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Project Overview: Synchronizing the Repressilator


A sinusoidal wave demonstrates a circadian rhythm
Although typically used to describe physical phenomena, oscillations are also observed in a range of biological processes such as circadian rhythms, pacemaker cells, neuronal communication and nephron function. Elowitz and Leibler (2000) have designed a genetic system called the Repressilator, composed of three genes (λcI, TetR, LacI) tied in negative feedback loops, which generates oscillations in protein expression within Escherichia coli.

In a Nutshell

Unlike oscillating cells in the human body, the Repressilator does not allow for the synchronization of oscillations in a population of cells. We attempt to bring oscillating cells into phase with eachother by coupling via the "autoinducer" molecule AI. Our 2-gene construct may also be used in future genetic systems, making it a system of choice in a highly modular synthetic biology framework.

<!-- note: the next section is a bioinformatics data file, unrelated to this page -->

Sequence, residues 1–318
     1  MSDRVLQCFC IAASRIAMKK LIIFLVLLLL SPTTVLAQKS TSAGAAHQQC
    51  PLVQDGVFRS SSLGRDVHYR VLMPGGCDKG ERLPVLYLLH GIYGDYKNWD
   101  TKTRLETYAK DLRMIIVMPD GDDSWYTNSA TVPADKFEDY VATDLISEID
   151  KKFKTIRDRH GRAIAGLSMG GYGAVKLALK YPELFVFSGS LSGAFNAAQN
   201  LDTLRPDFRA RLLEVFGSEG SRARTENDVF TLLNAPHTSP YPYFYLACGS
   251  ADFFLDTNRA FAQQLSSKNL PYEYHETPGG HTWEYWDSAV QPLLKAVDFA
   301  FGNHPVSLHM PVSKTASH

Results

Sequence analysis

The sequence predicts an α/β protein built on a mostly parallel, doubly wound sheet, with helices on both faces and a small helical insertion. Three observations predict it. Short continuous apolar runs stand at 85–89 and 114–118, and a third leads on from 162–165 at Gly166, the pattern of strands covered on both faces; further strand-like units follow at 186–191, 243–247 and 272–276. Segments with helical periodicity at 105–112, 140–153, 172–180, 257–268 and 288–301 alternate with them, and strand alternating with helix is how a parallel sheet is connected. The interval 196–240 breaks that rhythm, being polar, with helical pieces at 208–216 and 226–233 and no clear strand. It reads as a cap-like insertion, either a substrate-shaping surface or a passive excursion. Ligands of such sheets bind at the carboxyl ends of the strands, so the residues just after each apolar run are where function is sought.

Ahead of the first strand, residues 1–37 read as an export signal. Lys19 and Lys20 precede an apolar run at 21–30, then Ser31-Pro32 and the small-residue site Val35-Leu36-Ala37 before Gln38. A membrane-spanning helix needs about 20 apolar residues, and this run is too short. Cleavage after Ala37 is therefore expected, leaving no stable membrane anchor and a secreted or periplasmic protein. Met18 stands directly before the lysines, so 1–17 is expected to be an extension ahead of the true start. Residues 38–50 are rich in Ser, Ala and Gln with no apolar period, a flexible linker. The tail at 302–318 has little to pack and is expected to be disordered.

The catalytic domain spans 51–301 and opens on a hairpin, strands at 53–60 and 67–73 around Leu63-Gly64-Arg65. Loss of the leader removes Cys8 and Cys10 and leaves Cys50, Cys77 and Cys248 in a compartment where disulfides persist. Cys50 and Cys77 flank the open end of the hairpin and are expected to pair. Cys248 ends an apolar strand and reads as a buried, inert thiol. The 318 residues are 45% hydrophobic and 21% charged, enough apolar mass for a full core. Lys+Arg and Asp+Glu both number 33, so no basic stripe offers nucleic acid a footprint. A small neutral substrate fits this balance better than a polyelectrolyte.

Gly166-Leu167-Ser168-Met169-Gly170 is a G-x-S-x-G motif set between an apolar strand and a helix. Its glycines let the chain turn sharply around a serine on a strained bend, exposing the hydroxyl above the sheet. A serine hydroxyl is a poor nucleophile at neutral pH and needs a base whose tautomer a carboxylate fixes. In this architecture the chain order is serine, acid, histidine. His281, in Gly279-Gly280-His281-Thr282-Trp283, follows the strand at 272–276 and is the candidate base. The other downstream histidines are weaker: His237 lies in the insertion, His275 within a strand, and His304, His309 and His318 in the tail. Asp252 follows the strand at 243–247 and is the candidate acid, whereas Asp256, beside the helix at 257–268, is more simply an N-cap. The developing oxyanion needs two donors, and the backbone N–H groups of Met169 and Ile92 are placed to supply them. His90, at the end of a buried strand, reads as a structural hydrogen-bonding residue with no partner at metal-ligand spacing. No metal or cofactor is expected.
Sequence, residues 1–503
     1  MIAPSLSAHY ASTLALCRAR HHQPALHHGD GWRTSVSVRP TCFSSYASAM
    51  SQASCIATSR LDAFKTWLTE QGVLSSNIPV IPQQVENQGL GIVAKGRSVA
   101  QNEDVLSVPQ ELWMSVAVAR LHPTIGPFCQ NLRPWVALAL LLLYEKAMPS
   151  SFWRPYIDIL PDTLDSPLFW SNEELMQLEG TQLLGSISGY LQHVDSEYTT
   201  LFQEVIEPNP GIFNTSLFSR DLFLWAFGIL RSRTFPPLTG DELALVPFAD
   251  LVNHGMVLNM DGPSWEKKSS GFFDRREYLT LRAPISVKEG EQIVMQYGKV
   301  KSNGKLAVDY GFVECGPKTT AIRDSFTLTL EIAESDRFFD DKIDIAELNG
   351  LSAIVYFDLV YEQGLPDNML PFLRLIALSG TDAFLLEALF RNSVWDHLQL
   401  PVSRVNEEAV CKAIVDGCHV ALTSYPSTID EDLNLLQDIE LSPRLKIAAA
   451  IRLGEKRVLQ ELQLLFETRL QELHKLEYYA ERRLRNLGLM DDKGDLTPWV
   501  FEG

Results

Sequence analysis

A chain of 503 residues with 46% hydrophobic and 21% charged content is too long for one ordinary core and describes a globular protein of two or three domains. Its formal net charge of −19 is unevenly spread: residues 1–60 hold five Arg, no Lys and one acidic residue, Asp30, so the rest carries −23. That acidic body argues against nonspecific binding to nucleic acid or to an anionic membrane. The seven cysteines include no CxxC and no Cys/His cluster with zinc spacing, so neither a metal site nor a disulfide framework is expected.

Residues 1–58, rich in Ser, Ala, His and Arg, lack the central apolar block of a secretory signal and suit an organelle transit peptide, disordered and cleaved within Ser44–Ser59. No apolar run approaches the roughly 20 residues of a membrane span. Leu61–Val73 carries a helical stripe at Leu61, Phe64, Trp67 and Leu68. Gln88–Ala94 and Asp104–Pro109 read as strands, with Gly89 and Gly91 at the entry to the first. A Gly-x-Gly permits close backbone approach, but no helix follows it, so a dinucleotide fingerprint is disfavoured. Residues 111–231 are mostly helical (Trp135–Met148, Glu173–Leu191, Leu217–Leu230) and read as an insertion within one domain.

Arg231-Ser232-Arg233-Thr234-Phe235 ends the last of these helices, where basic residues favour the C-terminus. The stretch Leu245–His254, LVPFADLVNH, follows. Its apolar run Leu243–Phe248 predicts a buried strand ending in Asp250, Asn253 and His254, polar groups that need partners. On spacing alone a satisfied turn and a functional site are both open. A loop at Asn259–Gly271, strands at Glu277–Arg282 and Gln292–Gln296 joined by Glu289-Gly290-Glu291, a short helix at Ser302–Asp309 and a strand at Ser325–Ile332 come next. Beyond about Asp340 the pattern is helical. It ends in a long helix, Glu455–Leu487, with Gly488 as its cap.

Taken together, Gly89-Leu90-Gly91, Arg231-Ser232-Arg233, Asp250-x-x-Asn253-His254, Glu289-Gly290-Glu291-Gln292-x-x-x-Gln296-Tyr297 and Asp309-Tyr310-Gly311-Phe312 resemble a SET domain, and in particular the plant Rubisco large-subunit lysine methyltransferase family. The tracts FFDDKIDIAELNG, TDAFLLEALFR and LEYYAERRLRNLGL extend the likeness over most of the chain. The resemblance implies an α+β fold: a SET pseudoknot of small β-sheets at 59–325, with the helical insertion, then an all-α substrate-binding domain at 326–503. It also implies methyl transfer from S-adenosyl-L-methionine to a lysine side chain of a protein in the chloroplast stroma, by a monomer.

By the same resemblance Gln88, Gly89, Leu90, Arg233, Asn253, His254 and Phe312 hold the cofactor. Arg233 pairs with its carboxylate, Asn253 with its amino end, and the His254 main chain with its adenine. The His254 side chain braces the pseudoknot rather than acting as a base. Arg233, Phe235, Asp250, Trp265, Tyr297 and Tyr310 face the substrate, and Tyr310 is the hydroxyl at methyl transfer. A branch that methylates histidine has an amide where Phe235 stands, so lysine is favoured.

Relevance and inspiration

While it may be presumptuous to call the synchronization of Elowitz's Repressilator the proverbial 'Holy Grail' of modern bioengineering, parallels can be drawn between these two that tempt the leap to association. Synchronization is a crucial stepping stone towards the understanding of natural oscillatory systems and towards creating a synthetic system that can accurately emulate this natural phenomenon. Innumerable past, present and future bioengineering projects in iGEM and the scientific community focus and revolve around this concept and its applications. By exploring the fundamental theory through mathematical models and empirical observation, we hope to understand the nature of these systems and develop future synthetic applications. •

McGill in winter